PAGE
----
All posts by Debbie Groom

The first Maple Weekend is this coming weekend

By Debra J. Groom

This coming Saturday and Sunday are the days to get out and visit area maple syrup producers.

It’s the first of two Maple Weekends, in which many producers open their operations so visitors can see how maple syrup is produced. Many also have pancake breakfasts so folks can taste that sweet nectar of the maple tree and have products people can buy.

So far this season, the weather hasn’t been ideal. There were a few days a couple of weeks ago that were warm enough for the sap to run. But then it got cold again.

“We’re scared,” said Kim Enders, who runs Red Schoolhouse Maple in Palermo. “We just boiled for the first time yesterday (Thursday March 13) but we didn’t make any syrup. We haven’t been able to get a string of good days in a row to get sap.”

Maple producers need temperatures during the day in the 40s and lows in the 20s to get a good sap flow. It has just been too darn cold for the sap to flow for a good number of consecutive days.

The temperatures for this week are OK for a four-day stretch in Onondaga County, but cooler in Oswego County, which means it is iffy how much sap will flow this week.

Some producers, like Timothy Whitens who runs Willow Creek Farm of just outside Fulton in the town of Granby, said he did get enough sap to make syrup in late February when there were four days of 40 degree temperatures.

“That first weekend, I made about 75 gallons, mostly medium amber,” Whitens said. “The sap ran again Monday and Tuesday (March 10 and 11) and I was able to make more.”

Feb. 19-23 all had temperatures of 40 or higher during the day and cold nights. But on Feb. 24, it got brutally cold again and shut off the taps.

While the temperatures this year have be too cold, in 2012, it was the opposite problem.

The weather during maple season began fine in January. But by early February, temperatures rose into the 50s. In mid-March, when sap should still be flowing and syrup would normally still be made, temperatures hit near 70.

Cornell University officials said the average temperature for the first 50 days of winter in Central New York is usually 24 degrees. In 2012, it was 32 degrees, the second warmest since 1950.

Anothr problem for maple producers in the Tug Hill area has been the amount of snow. Helen Thomas, executive director of the New York State Maple Producers Association, said with more than 300 inches of snow in some places, producers were having a difficult time getting to their lines and taps.

Enders said she hopes to have enough maple products to sell and offer for tasting during Maple Weekend. Red Schoolhouse Maple is open both days of the weekends, March 22 and 23 and March 29 and 30, and offers pancake breakfast, tours of the sugarbush and boiling area and tastings.

Whitens is open only Sunday, March 23 and March 30, and offers tours.

Maple Weekend hours are 10 a.m. to 4 p.m.

Go to http://www.nysmaple.com/mapleweekend/ or www.mapleweekend.com for more information.

Fulton hockey overcomes adjustments

By Rob Tetro

Scholastic hockey season has ended and the Fulton team and coach Todd Terpening are reflecting on what happened in 2014.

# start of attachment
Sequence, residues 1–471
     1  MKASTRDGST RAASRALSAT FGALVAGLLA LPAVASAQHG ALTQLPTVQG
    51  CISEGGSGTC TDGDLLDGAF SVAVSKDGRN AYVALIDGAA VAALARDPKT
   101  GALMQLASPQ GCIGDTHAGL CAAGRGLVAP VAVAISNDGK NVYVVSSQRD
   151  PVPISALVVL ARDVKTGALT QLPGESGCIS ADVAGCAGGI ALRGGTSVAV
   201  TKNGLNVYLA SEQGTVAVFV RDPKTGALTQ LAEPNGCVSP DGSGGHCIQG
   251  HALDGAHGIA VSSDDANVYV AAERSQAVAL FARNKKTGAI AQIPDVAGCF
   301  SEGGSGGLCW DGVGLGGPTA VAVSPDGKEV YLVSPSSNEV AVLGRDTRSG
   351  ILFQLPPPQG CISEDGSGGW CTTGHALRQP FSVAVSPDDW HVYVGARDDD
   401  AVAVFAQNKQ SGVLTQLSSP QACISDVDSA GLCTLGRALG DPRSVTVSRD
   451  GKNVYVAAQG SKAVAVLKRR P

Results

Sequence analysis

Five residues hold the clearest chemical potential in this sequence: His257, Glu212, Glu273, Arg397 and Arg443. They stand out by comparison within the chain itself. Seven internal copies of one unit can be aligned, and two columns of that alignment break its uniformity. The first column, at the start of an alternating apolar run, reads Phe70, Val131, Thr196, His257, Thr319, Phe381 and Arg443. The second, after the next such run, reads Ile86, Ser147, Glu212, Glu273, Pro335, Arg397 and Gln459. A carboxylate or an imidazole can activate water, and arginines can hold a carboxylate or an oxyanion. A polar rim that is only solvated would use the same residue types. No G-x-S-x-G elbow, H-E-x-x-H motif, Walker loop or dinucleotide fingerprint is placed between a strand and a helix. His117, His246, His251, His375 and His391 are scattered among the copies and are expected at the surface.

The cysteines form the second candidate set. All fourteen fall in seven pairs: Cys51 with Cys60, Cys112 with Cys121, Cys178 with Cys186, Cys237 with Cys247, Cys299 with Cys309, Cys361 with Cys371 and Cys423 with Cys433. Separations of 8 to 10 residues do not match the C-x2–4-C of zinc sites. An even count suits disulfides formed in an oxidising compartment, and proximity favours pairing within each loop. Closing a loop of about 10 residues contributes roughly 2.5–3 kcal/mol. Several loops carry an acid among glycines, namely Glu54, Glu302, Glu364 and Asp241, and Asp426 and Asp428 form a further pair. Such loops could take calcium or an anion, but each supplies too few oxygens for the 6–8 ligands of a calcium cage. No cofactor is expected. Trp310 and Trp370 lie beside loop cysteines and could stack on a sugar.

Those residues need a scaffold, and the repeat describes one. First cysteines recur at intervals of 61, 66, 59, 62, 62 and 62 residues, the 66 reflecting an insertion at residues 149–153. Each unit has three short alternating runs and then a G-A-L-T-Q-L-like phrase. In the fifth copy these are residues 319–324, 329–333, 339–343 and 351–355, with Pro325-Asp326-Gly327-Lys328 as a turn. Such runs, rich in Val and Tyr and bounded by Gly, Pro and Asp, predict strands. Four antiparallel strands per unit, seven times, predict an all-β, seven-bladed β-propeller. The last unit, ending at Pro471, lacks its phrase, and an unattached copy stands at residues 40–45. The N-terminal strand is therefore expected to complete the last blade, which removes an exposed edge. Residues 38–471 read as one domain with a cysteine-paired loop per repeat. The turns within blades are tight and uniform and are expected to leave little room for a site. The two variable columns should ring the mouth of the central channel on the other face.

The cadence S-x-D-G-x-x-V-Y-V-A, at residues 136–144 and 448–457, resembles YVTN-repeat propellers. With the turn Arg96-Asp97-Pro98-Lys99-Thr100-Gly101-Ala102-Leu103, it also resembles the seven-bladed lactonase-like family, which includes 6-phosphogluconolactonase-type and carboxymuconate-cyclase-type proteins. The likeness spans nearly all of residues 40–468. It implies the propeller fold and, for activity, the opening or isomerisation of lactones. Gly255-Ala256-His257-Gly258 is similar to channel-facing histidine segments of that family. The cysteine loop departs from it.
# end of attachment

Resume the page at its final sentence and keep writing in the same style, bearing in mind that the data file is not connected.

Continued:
Terpening said his team struggled to close out games this season and ended with a 2-18-1 record. Despite its struggles, Fulton’s seniors refused to give up.

In the six or seven tight games the Red Raiders had this season, it was the efforts of their seniors which allowed Fulton opportunities to clinch wins.

Terpening said the determination his seniors showed this season made them positive role models for Fulton’s younger players

“I hope that the underclassmen can take from the Seniors is to never give up no matter how bad things may look!” Terpening said.

With the conclusion of the season, Fulton says goodbye to four seniors: Eric Forderkonz, Matt Billion, Seth Delisle and Brandon Ladd.

As Forderkonz, Billion, DeLisle and Ladd move on to the next stage of their lives, Terpening hopes they do so understanding the importance of being prepared to work hard with dedication, no matter what a situation presents them. He feels his four seniors showed up for every practice and game ready to leave it all on the ice.

Terpening said the work ethic these athletes have shown will benefit them down the road, whether it’s in college or in the workforce.

Despite the teams’ record, he also hopes that the experience of playing high school hockey was a positive one for his seniors.

This season, the Red Raiders overcame the adjustments that came with welcoming nine new players from three other school districts. However, Terpening said the future is bright for his relatively young team. In fact, he suggests that it may not be very long until his team is stronger and more unified.

“I am very excited about the team that we have returning next year!” Terpening said.

The nine players from three different school districts who joined the Fulton varsity hockey team this season are: Landon VanAlstine, Bryce Phillips and Nicholas Meyer from Red Creek; Stanley Kubis, Eric Forderkonz, Austin Forte, Rocco Cannata and Seth Cooney from Central Square; and Spencer Evans from Phoenix.

Phoenix hoops finish successful season

By Rob Tetro

The Phoenix boys’ varsity basketball team recently concluded its season with an 11-8 record and having earned a second place finish in league play.

Four seniors also wrapped up their hoops career at Phoenix. As Nick Tassone, Emilio Tassone, Bryce Plante, Jeff Sawyer and Brandon Wood depart, they do so having made their impact felt on the Phoenix boys’ basketball program.